A 2006 clinician document that coined DSD defined “psychosocial” therapeutic rationales as including “minimizing family concern and distress“, and “mitigating the risks of stigmatization and gender-identity confusion“.

A medical paper published this year still describes an intersex birth as a “challenging clinical emergency“.

It isn’t just an issue for children: the impact is lifelong.

Adults, too, are subject to coercion. In competitive sports, the IOC for example mandates that national authorities: “actively investigate any perceived deviation in sex characteristics“. Other sports codes follow suit. This means that butch women in particular are at risk of being singled out for humiliation and unnecessary medical treatment. A British Medical Journal article in April documented how 4 women athletes from developing nations were subjected to clitorectomies and removal of their gonads – with no guarantee of continued access to medical treatment for the rest of their lives.

Most intersex people are heterosexual, most are not trans, we’re a different community. We should not be automatically “queered“. so what’s the relevance for LGBT people?

Historically, surgeries are heteronormative – preparing people for heterosexual intercourse. Biologist Anne Fausto-Sterling describes howpenetration in the absence of pleasure takes precedence over pleasure in the absence of penetration“.

Research on intersex foetuses and infants is longstanding, and has been used (so far unsuccessfully) to establish a cure for homosexuality.

A 1990 peer-reviewed article by Heino Meyer-Bahlburg entitled, “Will Prenatal Hormone Treatment Prevent Homosexuality?” considered how research on intersex differences could be used to explore the potential “prenatal hormone screening or treatment for the prevention of homosexuality”. While his research showed the “scientific groundwork” to be “insufficient” at that time, prenatal screening and treatment of intersex traits continues.

A 2010 medical paper shows: “low interest in babies and men – and even interest in what they consider to be men’s occupations and games – as “abnormal,” and potentially preventable with prenatal dex”.

Prenatal dexamethasone treatment remains available in Australia, the UK and most of Europe – but not Sweden, which has stopped prenatal treatment due to risks that include cognitive impairment.

In some intersex variations, such as 47,XXY, we know that up to 88% of foetuses identified are terminated, framed as major genetic defects – despite the World Health Organization acknowledging no impact on life expectancy and XXY often goes undiagnosed.

Here in the UK, many of the most common and best known intersex variations, AIS, 5-alpha Reductase, CAH, are all “severe genetic conditions” able to be screened out prenatally, via Preimplantation Genetic Diagnosis. Those “severe conditions” include those of all 4 elite women athletes subjected to clitorectomies and sterilisation for social, non medical, reasons. They include the world’s first openly intersex mayor, in Australia. They are less likely to be born here, and let’s be clear: there is no reason to screen out 5-alpha Reductase or AIS other than perceived non-conformity with sex and gender norms.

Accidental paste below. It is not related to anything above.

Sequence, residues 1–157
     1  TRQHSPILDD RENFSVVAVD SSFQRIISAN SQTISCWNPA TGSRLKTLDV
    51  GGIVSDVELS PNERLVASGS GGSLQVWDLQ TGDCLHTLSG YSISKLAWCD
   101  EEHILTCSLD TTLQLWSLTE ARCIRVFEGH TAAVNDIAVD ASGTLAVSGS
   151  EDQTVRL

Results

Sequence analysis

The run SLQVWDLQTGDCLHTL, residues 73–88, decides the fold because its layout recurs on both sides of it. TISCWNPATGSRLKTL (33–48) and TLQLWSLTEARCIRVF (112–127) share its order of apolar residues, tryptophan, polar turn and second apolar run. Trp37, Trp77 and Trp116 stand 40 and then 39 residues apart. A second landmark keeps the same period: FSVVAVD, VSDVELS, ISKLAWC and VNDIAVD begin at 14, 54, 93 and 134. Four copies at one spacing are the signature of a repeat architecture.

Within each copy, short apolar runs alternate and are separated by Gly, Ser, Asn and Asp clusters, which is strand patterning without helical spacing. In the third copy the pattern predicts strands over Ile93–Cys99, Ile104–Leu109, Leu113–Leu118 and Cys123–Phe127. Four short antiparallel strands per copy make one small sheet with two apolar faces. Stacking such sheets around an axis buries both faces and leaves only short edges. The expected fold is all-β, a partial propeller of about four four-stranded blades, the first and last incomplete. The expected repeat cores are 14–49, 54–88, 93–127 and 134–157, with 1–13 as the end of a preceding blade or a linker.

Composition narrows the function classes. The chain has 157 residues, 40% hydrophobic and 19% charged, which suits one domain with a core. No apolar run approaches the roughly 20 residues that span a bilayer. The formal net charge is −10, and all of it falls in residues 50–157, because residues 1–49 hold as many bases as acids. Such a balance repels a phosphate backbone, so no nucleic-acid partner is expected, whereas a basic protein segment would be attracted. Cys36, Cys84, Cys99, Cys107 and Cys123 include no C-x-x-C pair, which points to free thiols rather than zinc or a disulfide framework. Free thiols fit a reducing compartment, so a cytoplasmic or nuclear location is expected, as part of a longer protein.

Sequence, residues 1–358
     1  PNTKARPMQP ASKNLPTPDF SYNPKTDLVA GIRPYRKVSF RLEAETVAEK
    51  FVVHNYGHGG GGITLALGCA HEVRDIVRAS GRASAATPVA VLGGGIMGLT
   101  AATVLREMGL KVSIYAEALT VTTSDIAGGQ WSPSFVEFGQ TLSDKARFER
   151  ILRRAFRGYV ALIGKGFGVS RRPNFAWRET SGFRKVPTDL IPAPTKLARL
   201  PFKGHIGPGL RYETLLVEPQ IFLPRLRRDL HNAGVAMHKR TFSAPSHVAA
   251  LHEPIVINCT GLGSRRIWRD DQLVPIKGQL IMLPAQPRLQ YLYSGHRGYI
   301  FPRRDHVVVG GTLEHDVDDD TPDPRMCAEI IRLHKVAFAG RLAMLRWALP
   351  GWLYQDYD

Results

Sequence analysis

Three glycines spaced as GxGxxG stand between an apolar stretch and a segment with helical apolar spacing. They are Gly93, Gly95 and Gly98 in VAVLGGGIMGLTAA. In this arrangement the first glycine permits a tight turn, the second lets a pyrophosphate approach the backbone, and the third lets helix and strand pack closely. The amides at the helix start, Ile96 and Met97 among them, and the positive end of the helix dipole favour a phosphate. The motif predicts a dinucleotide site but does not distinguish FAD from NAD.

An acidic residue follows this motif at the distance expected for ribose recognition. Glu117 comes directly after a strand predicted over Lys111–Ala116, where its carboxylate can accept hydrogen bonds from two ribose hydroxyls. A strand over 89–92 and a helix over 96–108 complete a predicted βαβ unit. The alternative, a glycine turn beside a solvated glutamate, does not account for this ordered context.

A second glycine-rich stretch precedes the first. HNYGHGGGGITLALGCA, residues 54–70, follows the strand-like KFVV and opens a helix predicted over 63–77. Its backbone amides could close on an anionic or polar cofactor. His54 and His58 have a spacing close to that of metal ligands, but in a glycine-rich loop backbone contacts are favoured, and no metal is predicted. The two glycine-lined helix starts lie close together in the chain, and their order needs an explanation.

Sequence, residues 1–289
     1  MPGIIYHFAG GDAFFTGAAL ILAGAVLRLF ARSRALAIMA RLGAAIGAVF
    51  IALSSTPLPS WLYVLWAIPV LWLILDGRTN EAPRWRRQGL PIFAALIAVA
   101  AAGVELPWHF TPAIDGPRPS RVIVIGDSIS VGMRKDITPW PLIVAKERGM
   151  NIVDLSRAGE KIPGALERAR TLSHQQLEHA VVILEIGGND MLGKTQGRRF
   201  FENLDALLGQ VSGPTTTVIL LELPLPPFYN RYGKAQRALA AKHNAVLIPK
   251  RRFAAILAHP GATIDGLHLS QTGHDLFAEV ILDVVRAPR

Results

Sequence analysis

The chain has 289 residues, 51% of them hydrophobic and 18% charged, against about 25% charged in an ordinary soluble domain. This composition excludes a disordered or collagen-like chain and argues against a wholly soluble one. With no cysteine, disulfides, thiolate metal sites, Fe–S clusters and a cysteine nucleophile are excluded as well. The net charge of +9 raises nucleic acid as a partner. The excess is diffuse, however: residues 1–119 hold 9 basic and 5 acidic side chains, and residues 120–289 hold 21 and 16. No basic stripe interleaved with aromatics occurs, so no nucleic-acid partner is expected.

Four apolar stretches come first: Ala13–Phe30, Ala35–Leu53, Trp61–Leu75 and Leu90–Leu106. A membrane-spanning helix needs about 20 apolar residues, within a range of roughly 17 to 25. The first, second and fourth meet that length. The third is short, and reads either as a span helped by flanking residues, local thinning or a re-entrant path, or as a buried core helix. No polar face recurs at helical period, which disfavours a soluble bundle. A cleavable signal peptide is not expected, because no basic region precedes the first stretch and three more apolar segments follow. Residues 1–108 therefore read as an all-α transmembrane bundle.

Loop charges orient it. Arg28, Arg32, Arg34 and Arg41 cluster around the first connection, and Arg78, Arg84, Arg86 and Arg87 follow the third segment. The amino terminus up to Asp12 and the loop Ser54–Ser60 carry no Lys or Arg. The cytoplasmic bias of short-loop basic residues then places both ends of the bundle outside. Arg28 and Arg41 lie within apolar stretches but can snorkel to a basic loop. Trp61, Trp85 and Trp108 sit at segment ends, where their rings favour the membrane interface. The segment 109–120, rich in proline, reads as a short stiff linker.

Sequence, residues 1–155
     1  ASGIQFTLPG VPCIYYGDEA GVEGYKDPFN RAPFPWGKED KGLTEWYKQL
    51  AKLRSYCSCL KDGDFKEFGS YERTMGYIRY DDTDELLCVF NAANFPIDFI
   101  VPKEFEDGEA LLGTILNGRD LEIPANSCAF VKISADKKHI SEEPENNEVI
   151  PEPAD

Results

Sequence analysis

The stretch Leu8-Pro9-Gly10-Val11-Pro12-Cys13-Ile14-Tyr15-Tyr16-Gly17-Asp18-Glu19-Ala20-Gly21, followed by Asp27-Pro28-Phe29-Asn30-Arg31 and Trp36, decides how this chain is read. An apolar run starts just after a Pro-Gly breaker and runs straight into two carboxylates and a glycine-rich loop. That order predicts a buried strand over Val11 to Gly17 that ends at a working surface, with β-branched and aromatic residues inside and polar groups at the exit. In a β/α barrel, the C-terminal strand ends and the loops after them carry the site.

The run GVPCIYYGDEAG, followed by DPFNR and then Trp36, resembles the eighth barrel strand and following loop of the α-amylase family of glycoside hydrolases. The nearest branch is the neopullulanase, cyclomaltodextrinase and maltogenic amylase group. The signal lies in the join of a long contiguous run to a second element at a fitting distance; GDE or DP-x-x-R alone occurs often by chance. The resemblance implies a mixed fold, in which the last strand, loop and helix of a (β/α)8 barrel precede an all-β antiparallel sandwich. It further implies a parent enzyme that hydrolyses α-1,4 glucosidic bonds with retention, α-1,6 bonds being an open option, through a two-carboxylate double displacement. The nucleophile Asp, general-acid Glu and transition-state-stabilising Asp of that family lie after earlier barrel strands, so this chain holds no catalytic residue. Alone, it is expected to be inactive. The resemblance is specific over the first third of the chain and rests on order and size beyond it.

In October 2013, the American Journal of Bioethics published 11 papers on the ethics of genetic testing in embryo and cells before IVF. Many findings were similar. A quote from one of them: issues of sex, gender identity and sexual orientation are intertwined.

Parental choice against intersex may thus conceal biases against same-sex attractedness and gender nonconformity.

In Australia, we have helped to secure:

  • Inclusion of “intersex status” as a biological attribute in anti-discrimination law, introduced at the same time as sexual orientation and gender identity.
  • removal of sex and gender terms from descriptions of healthcare procedures funded by our national health system.
  • federal guidelines on recognition of sex and gender that standardise procedures for federal documents, and support an ‘X’ classification for any adult who seeks it.
  • In October 2013, a Senate Committee reported on the involuntary or coerced sterilisation of intersex people. It has strong recommendations on the human rights abuses that we face in the health system. The report, the first Parliamentary report on intersex health anywhere in the world, remains to be implemented.

Progress on intersex human rights is slow and patchy, but progress is possible. Scrutiny and awareness make it possible, so thanks for listening.


Watch the panel discussion at the University of Glasgow website.

Voices from around the Commonwealth

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More details about this conference

* please note that we don’t know if Dutee Chand has an intersex variation or not; she has simply been found to have a specific outcome from a contentious hormonal test.